These are my notes for the K5M Book Club on the book Money, by Jacob Goldstein.
Chapter 12: Money is Dead. Long Live Money
It’s interesting how banks would close their physical space and it would cause such a huge crisis. I haven’t been to a bank since before the pandemic… maybe not once this year?
“Today, bank deposits in the United States and most other countries are insured by the government.”
In the US we’ve all seen the FDIC logo at the bank:
And this line about government insurance made me wonder, that is the Federal Deposit Insurance Corporation?
First off, it’s a United States government corporation, which means it is a corporation chartered and owned by the federal government, which operates to provide public services, but unlike the federal agencies (Environmental Protection Agency, Bureau of Indian Affairs), or the federal independent commissions (e.g., the Federal Communications Commission, the Nuclear Regulatory Commission, etc.), it has a separate legal personality from the federal government, providing the highest level of political independence.
It’s run by five members, three appointed by the president of the United States with the consent of the United States Senate and two “ex officio” members. I had to look up what that meant, and it is a member of a body who is part of it by virtue of holding another office. Right now the two “ex officio” members are Brian Brooks, the Acting Comptroller of the Currency and Kathy Kraninger, the Director of the Consumer Financial Protection Bureau.
The three appointed members each serve six-year terms, but there is currently a vacant seat. Jelena McWilliams was appointed by Trump and Martin J. Gruenberg who was selected by Obama. Why doesn’t Trump fill the vacant seat? HE CAN’T! There is a rule that no more than three members of the board may be of the same political affiliation, so he just a spot empty. Weird and poor Martin probably has to eat alone in the cafeteria until Biden takes office.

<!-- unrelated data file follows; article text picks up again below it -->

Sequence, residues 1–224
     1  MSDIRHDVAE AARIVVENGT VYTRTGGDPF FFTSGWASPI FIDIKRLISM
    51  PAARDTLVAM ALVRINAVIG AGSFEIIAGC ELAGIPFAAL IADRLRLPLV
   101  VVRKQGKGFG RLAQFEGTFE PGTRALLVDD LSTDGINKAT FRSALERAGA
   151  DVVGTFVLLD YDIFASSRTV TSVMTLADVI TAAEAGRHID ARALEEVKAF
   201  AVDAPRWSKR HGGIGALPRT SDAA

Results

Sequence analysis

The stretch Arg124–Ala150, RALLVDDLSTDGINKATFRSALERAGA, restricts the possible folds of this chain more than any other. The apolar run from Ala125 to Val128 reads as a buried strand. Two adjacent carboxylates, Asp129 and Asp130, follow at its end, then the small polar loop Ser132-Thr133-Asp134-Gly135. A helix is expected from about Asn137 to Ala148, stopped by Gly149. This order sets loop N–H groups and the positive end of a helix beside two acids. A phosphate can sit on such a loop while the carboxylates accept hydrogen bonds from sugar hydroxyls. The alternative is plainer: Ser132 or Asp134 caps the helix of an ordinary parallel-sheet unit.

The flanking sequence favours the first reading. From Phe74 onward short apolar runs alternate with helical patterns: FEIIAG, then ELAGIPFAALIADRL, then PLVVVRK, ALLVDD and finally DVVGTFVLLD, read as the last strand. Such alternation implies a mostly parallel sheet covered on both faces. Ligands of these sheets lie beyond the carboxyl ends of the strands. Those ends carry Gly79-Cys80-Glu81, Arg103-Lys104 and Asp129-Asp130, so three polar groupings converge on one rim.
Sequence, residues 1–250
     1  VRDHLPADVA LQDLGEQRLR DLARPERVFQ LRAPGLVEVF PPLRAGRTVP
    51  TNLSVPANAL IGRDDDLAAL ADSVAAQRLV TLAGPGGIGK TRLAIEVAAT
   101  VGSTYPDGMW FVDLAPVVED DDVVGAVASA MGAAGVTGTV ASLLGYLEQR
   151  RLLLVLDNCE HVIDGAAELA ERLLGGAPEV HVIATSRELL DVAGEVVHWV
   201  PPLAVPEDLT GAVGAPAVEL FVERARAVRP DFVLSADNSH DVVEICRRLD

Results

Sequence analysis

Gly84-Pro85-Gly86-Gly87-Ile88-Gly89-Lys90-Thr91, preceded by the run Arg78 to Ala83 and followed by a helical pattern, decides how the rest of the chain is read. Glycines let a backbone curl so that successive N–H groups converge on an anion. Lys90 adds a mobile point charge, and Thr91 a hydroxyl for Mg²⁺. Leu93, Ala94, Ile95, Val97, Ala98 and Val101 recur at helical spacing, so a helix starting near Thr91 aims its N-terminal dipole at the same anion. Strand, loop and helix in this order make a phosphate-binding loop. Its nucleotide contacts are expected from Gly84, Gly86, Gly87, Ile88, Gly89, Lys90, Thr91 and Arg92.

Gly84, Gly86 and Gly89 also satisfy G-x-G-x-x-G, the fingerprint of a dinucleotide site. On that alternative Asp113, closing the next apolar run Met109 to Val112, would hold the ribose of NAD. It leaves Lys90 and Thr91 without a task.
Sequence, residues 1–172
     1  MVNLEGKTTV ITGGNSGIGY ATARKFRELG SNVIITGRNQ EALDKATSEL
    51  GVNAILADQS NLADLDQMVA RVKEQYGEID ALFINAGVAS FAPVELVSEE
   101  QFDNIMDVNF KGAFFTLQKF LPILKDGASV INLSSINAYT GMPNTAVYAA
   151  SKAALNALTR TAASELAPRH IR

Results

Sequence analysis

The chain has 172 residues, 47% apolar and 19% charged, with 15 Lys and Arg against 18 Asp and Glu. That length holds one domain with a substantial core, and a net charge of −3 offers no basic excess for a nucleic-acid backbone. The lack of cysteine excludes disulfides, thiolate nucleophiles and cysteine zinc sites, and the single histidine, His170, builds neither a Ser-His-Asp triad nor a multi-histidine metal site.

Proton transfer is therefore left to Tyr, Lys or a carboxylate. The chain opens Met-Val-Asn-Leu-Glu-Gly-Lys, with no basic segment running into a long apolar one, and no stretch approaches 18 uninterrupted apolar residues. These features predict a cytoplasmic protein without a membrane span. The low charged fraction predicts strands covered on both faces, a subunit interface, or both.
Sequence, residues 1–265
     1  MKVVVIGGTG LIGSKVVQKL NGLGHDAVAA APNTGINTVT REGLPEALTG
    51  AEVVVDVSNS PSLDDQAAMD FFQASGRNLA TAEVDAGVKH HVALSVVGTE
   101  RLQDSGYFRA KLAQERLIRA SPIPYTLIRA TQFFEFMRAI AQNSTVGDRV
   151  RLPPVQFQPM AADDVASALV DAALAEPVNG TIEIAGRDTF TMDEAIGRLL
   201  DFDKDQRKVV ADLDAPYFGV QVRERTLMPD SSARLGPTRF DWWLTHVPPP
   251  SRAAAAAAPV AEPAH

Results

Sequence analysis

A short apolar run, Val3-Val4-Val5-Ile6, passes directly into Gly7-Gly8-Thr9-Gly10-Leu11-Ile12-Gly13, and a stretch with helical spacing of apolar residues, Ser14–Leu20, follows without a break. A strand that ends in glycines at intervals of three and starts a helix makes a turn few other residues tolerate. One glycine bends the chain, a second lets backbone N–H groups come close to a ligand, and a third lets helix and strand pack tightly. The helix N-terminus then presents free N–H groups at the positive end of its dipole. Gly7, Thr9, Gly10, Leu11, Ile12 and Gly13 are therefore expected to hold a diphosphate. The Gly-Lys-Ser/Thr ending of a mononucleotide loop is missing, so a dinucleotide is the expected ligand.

I was surprised to read that the New York Fed was “successful” in flooding the New York City banks with cheap loans and is credited with keeping banks alive after the stock market crash of 1929. I mean, that is a small win in the grand scheme of the economy tanking and the start of the Great Depression, but still, nice work New York Fed.
The Other Federal Reserve Banks
“The Chicago Fed worried that putting more money into the system would encourage speculative gambling by traders rather than productive investments by business.”
Probably right, but in the grand scheme that is probably a smaller problem than the entire economy being wiped out. Also, “encouraging speculative gambling” sounds exactly like what happened with stocks during the pandemic.
The head of the Dallas Fed warned against ‘interference with economic trends through artificial methods.'”
What are artificial methods when dealing with the economy? Is the economy nature? Who was the head of the Dallas Fed that seemed to believe in the natural laws of economics? Charles Clinton Walsh the poet banker.
Colonel C.C. Walsh, earned his title of ‘Colonel’ as a Southern gentleman of honor and integrity, not on the field of the battle (like Colonel Sanders). He was born in 1867and was a public school teacher, a lawyer, a newspaper reporter, and author, and a banker. He was a member of The Poetry Society of Texas and known as “poet Laureate of the Southwest.” He died in 1943 and I didn’t find out that much about him. That obituary says he retired from the Fed in 1927, but an archived report has him listed as Chairman in 1929.
Judy Shelton, “Goldbug”
“Today, the gold standard is a thing some people refer to with nostalgia. Politicians sometimes still talk about returning to it. But people who know they’re talking about know this would be a disaster.”